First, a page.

The murder of young children, either individually or en masse, is usually a result of social attitudes. Infanticide has historically been associated with the birth of a deformed or abnormal child, of twins, or of a female child. The major contributing factor is generally poverty, although illegitimacy also plays a large role, especially in more contemporary societies. Infanticide also occurs during movements of people – warrior societies in the past, and refugee movements in recent times – and as a means of evading governmental policies such as China's "one child per family". Instead of outright infanticide, the child may be abandoned (though few are found alive), while other cases take the form of ritual sacrifices.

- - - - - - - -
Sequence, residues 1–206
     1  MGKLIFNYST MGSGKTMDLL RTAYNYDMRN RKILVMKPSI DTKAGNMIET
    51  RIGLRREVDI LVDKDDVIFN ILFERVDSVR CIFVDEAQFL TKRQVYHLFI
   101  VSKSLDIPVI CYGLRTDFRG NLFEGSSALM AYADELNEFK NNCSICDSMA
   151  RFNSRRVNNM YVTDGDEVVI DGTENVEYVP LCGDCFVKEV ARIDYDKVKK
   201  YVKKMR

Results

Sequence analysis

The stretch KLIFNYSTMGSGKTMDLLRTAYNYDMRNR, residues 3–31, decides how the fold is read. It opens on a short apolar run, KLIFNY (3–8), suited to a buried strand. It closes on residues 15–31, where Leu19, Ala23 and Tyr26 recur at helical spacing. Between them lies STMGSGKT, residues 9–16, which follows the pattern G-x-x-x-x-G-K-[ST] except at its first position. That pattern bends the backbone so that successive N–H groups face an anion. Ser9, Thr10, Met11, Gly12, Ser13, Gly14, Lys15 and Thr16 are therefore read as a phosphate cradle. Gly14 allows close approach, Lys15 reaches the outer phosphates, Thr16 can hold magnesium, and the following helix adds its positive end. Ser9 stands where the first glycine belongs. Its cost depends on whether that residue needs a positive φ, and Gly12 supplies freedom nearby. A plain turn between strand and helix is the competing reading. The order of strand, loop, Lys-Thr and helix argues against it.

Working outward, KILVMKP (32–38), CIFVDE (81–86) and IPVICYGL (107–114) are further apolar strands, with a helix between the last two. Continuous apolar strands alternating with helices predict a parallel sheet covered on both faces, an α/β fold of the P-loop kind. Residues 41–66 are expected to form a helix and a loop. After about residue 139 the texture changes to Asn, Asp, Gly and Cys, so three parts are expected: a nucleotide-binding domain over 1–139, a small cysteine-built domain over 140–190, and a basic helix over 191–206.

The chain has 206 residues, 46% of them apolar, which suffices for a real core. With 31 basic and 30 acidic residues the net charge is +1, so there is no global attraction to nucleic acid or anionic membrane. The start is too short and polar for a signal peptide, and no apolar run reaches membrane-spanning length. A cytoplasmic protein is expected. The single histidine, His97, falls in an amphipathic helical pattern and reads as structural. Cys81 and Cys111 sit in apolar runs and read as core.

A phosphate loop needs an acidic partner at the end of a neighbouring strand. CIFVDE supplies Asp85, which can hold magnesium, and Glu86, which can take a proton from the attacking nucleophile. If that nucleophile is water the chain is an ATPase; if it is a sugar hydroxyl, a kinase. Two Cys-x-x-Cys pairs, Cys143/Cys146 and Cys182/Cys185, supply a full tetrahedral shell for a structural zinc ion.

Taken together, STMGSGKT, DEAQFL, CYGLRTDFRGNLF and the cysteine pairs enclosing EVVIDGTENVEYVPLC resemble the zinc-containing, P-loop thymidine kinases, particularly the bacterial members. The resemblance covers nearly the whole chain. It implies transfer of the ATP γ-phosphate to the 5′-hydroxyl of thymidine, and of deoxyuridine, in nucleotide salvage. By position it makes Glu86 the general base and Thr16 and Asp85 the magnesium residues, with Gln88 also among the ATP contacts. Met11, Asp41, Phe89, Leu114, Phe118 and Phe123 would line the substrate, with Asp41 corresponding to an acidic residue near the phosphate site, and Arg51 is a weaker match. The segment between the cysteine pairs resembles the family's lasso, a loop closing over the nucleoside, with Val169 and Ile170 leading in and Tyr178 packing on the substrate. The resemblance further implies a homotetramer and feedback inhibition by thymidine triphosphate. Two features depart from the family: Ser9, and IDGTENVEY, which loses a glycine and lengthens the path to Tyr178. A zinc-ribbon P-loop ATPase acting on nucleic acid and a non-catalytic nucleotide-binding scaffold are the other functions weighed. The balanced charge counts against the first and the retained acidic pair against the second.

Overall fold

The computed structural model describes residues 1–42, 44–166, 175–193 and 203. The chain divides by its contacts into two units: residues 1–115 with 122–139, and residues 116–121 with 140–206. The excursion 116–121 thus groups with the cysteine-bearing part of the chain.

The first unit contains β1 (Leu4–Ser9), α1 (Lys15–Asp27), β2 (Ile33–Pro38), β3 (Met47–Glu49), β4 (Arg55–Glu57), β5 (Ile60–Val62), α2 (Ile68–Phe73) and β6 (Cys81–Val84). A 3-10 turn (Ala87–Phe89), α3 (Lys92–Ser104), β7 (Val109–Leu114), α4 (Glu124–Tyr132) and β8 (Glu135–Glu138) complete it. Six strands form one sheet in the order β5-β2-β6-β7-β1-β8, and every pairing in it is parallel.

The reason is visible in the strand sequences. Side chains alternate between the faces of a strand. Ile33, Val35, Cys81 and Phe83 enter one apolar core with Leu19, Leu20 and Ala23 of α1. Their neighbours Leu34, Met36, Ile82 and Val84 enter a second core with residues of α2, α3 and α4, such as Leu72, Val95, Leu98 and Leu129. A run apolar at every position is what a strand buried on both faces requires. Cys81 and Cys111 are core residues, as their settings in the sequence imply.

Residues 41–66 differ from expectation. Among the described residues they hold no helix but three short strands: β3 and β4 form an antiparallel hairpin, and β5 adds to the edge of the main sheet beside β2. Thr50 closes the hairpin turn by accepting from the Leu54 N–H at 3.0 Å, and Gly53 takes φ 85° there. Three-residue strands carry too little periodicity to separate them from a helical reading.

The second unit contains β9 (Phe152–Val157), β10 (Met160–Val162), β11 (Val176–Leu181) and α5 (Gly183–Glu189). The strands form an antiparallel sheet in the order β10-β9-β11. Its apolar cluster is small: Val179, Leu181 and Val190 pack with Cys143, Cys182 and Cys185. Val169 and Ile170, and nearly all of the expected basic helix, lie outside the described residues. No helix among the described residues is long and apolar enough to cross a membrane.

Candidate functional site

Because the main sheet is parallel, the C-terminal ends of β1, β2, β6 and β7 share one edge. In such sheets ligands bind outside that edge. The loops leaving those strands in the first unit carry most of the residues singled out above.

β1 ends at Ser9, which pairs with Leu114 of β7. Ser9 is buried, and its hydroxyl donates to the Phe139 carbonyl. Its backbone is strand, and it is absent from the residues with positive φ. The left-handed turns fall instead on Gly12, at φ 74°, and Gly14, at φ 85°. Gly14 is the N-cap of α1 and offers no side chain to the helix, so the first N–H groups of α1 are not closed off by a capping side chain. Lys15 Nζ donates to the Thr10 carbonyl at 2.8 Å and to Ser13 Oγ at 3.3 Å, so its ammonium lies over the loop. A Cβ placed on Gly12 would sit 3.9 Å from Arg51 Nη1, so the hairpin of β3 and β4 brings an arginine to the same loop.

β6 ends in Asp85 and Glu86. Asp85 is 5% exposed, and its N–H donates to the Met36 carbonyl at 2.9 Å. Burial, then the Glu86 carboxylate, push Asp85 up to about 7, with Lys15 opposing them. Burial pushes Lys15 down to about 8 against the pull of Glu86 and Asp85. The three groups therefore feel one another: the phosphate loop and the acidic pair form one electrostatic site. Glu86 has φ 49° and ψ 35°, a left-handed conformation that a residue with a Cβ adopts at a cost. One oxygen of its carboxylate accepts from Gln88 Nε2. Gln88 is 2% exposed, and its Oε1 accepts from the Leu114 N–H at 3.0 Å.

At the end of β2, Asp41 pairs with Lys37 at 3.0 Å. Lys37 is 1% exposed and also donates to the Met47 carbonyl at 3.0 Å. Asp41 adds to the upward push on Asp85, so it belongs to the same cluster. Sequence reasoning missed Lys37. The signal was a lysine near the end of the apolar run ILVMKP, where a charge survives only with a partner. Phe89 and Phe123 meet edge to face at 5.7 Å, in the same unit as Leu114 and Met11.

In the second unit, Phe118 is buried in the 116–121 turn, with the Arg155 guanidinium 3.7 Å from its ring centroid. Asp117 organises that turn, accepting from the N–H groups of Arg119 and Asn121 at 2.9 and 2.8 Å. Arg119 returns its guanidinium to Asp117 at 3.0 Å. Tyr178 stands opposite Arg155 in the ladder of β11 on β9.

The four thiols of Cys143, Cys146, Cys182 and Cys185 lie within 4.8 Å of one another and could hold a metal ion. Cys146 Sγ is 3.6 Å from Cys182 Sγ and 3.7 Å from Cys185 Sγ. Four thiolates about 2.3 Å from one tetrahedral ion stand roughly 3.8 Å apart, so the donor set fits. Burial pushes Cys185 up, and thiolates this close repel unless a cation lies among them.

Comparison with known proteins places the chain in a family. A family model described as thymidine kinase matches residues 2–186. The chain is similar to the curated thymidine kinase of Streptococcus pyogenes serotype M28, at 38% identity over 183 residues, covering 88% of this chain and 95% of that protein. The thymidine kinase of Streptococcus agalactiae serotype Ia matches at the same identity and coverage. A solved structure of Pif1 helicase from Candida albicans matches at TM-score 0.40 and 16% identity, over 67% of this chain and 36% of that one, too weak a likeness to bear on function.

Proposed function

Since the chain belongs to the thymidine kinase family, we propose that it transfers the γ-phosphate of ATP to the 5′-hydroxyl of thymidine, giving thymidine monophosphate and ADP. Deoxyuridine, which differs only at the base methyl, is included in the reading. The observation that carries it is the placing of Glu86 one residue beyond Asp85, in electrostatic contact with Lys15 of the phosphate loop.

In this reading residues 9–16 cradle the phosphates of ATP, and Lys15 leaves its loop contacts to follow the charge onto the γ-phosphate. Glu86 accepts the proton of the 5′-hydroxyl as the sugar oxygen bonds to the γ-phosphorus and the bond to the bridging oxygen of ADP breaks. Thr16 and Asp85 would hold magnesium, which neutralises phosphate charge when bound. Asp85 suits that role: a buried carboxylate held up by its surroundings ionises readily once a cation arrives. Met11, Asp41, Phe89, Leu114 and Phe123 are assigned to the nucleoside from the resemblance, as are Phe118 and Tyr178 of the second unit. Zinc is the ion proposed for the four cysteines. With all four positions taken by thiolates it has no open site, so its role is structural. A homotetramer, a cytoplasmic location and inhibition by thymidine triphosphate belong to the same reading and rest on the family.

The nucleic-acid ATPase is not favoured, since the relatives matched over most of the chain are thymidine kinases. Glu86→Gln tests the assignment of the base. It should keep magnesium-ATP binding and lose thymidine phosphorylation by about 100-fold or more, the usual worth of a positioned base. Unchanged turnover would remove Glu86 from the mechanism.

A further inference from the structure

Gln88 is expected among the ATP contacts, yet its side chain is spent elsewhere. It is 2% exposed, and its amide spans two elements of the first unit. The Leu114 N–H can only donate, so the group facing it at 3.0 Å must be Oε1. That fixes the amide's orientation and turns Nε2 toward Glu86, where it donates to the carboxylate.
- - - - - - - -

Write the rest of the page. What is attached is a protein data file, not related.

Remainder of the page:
Examples of infanticide can be found in all societies, both past and present, ranging from isolated individual instances to general policy. Much attention has been focused on the practice in modern China where the number of infanticides (generally females) may exceed 10,000 per year, according to the USA National Academy of Sciences.

Narrower Problems:
Female infanticide
Unreported births
Societal Problems Crime
Related UN Sustainable Development Goals:
GOAL 1: No PovertyGOAL 3: Good Health and Well-beingGOAL 4: Quality EducationGOAL 5: Gender EqualityGOAL 10: Reduced Inequality
Problem Type:
D: Detailed problems
Date of last update
04.10.2020 – 22:48 CEST